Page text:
Longitudinal patterns in indeterminate HIV rapid antibody test results: a population-based, prospective cohort study

Joanne H. Hunt, George Mwinnyaa, Eshan U. Patel, M. Kate Grabowski, Joseph Kagaayi, Ronald H. Gray, Joseph Ssekasanvu, Maria J. Wawer, Godfrey Kigozi, Larry W. Chang, Sarah Kalibbala, Margaret Nakalanzi, Anthony Ndyanabo, Thomas C. Quinn, David Serwadda, Steven J. Reynolds, Ronald M. Galiwango, Oliver Laeyendecker

Research output: Contribution to journalArticlepeer-review

Abstract

Rapid HIV tests are critical to HIV surveillance and universal testing and treatment programs. We assessed longitudinal patterns in indeterminate HIV rapid test results in an African population-based cohort. Prospective HIV rapid antibody test results, defined by two parallel rapid tests, among participants aged 15–49 years from three survey rounds of the Rakai Community Cohort Study, Uganda, from 2013 to 2018, were assessed. An indeterminate result was defined as any weak positive result or when one test was negative and the other was positive. A total of 31,405 participants contributed 54,459 person-visits, with 15,713 participants contributing multiple visits and 7,351 participants contributing 3 visits. The prevalence of indeterminate results was 2.7% (1,490/54,469). Of the participants with multiple visits who initially tested indeterminate (n = 591), 40.4% were negative, 18.6% were positive, and 41.0% were indeterminate at the subsequent visit. Of the participants with two consecutive indeterminate results who had a third visit (n = 67), 20.9% were negative, 9.0% were positive, and 70.2% remained indeterminate. Compared to a prior negative result, a prior indeterminate result was strongly associated with a subsequent indeterminate result [adjusted prevalence ratio, 23.0 (95% CI = 20.0–26.5)]. Compared to men, women were more likely to test indeterminate than negative [adjusted odds ratio, 2.3 (95% CI = 2.0–2.6)]. Indeterminate rapid HIV test results are highly correlated within an individual and 0.6% of the population persistently tested indeterminate over the study period. A substantial fraction of people with an indeterminate result subsequently tested HIV positive at the next visit, underscoring the importance of follow-up HIV testing protocols. IMPORTANCE Rapid HIV tests are a critical tool for expanding HIV testing and treatment to end the HIV epidemic. The interpretation and management of indeterminate rapid HIV test results pose a unique challenge for connecting all people living with HIV to the necessary care and treatment. Indeterminate rapid HIV test results are characterized by any weak positive result or discordant results (when one test is negative and the other is positive). We systematically tested all participants of a Ugandan population-based, longitudinal cohort study regardless of prior test results or HIV status to quantify longitudinal patterns in rapid HIV test results. We found that a substantial fraction (>15%) of participants with indeterminate rapid test results subsequently tested positive upon follow-up testing at the next visit. Our findings demonstrate the importance of follow-up HIV testing protocols for indeterminate rapid HIV test results.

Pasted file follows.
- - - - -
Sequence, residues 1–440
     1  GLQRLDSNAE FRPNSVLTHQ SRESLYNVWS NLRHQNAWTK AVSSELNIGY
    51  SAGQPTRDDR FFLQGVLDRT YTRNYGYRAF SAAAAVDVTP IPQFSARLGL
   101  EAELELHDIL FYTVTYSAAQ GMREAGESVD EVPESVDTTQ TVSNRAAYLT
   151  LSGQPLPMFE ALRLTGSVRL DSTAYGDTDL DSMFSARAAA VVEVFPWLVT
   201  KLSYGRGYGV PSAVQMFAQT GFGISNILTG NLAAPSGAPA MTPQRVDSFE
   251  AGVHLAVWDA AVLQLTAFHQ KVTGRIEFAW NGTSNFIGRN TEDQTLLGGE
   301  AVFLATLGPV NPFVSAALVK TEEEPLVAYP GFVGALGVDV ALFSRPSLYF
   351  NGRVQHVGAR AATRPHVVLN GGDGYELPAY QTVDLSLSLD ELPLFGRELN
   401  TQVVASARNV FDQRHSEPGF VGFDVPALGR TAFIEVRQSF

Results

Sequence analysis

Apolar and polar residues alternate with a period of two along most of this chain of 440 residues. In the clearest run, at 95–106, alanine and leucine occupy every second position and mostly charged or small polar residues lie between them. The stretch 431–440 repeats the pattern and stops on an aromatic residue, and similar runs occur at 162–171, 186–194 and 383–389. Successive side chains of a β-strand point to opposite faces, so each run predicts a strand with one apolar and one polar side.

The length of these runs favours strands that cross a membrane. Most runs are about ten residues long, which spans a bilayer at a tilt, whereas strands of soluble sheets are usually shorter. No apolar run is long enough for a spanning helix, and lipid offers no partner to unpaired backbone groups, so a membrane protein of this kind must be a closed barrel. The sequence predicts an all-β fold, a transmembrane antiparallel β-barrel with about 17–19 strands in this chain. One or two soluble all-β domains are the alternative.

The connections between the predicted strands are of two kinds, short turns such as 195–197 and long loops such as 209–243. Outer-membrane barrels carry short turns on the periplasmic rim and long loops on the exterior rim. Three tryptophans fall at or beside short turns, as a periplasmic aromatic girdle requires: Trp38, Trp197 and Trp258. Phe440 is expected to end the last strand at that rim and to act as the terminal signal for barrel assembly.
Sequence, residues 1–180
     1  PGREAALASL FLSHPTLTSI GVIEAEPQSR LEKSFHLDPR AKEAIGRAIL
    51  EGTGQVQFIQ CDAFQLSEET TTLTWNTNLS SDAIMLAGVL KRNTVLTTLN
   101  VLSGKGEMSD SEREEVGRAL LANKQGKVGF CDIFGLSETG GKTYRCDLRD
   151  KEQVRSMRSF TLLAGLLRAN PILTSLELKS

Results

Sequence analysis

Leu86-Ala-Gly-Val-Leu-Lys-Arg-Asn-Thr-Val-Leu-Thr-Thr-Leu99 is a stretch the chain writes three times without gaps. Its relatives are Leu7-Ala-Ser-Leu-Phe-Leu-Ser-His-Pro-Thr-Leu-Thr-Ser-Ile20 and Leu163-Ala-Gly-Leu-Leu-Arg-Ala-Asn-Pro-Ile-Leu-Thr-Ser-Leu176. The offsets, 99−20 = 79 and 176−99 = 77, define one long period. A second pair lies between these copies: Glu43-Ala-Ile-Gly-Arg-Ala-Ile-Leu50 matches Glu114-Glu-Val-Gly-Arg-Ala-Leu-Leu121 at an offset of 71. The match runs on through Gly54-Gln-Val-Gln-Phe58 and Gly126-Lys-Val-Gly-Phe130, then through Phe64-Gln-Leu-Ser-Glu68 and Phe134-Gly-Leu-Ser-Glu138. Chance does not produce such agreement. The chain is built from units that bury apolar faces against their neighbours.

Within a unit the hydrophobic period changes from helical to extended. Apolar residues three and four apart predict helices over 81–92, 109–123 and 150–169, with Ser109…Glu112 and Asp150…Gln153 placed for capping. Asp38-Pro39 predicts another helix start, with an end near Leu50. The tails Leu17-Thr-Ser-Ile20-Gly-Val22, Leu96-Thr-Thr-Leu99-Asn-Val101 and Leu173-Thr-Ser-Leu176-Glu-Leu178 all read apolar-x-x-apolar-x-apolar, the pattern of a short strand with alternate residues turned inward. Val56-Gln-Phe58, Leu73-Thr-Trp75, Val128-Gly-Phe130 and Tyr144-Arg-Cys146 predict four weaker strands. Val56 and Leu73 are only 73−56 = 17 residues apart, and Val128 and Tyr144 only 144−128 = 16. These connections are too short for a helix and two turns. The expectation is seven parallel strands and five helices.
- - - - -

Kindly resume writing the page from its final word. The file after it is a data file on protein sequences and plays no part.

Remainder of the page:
Original languageEnglish (US)
JournalMicrobiology Spectrum
Volume12
Issue number2
DOIs
StatePublished - Feb 2024

Keywords

  • HIV diagnostics
  • indeterminate
  • point of care testing
  • rapid test
  • serology

ASJC Scopus subject areas

  • General Immunology and Microbiology
  • Microbiology (medical)
  • Infectious Diseases
  • Genetics
  • Physiology
  • Cell Biology
  • Ecology

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